## Thursday, September 22, 2011

### Mystery surrounding order of accuracy in CFD...

Just came back from a trip to Beijing, where I gave two lectures in a Workshop, one on high-order CFD methods, and the other on the quadrature method of moment for multiphase flows. On the last day, I got to see the beautiful Great Wall at Mu Tian Yu. See the top picture for a magnificent view! Personally I believe this is a better tourist attraction than the more famous Great Wall at Ba Da Lin because it is less crowded. I am now paying a price for the trip: I am still recovering from the jet lag.

In the Workshop at Beijing as well as in many other technical conferences, I often heard people talking about and making mistakes on order of accuracy (OOA) in CFD. As often as it is mentioned, there appears to be as much confusion about it too. There are two major mistakes regarding OOA:
1. If a flow solver produces a more accurate solution than another, it must posses  higher order accuracy.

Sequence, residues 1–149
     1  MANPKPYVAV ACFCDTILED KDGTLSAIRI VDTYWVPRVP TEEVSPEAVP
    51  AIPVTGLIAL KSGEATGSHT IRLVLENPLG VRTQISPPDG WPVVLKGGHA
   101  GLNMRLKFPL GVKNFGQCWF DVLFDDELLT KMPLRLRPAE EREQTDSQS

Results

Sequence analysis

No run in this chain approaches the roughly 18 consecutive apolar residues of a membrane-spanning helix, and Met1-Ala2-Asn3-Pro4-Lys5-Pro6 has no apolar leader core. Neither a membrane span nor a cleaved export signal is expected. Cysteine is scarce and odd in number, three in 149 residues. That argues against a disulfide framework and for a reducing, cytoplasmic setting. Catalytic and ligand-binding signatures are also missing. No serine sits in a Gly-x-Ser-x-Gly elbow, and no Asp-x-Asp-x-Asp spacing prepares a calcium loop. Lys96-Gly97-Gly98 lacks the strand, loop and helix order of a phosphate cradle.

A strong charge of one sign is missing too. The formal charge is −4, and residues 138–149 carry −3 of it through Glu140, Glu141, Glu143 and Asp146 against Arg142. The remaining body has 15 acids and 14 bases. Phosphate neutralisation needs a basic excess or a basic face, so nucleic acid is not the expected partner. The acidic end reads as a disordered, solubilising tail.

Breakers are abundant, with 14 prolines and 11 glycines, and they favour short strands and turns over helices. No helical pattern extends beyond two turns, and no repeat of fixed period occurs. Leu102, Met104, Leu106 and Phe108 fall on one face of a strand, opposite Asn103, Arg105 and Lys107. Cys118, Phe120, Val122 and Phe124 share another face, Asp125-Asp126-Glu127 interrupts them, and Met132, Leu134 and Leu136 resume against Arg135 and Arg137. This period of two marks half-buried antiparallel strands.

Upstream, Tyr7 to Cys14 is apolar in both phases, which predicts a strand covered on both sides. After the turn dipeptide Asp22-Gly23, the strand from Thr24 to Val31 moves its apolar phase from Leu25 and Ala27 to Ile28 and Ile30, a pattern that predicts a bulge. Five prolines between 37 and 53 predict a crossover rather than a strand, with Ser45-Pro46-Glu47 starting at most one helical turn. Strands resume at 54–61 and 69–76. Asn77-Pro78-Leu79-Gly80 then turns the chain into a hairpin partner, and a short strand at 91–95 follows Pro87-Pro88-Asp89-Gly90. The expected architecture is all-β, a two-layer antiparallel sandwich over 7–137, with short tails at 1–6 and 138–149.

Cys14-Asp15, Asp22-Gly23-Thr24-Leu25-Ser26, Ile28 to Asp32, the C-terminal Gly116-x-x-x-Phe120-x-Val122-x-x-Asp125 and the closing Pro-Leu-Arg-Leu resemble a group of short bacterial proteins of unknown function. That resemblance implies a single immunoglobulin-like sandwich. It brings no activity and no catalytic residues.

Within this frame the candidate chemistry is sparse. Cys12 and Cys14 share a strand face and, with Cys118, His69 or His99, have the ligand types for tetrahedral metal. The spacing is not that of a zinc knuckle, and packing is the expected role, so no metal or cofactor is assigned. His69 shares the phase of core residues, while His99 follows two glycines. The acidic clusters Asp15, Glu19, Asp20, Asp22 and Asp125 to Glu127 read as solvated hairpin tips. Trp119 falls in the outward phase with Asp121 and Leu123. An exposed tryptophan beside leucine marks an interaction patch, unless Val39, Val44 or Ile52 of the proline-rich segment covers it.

2. The OOA is the same as the order of the polynomial approximating the (unknown) solution.

I still remember an incident in an AIAA conference (maybe at Reno). A guy believed like a religion that the OOA is the same as the order of the reconstructed solution polynomial in a finite volume scheme. In fact, he accused the finite volume community of lying about the accuracy of their favorite schemes. You cannot help feeling bad for the guy with such a strong (but wrong) conviction. The truth is that the OOA of a finite volume scheme with a degree p solution polynomial is (p+1).

Let's define OOA. A scheme is pth order if the solution error is proportional to (dx)^p, where dx is the mesh size, i.e.,

Error = C(dx)^p,

where C is a constant depending on the particular scheme. Or equivalently,

log(Error) = p*log(dx) + log(C).

In other words, p is the slope of the dx-Error plot in a log-log scale. Strictly speaking, OOA has nothing to do with the magnitude of the solution error, but only related to the rate of error reduction with mesh refinement, i.e., the slope.

How do you actually measure the OOA? If you know the exact solution, you need only perform two simulations: one on a coarse mesh, and the other on a fine mesh with half the mesh size of the coarse mesh. With a simple derivation, you can obtain the order p from

Error_(dx)/Error_(dx/2) = 2^p, or p = log_2[Error_(dx)/Error_(dx/2)]

where Error_(dx) is the error on the coarse mesh, and  Error_(dx/2) the error on the fine mesh.

More later on high-order methods...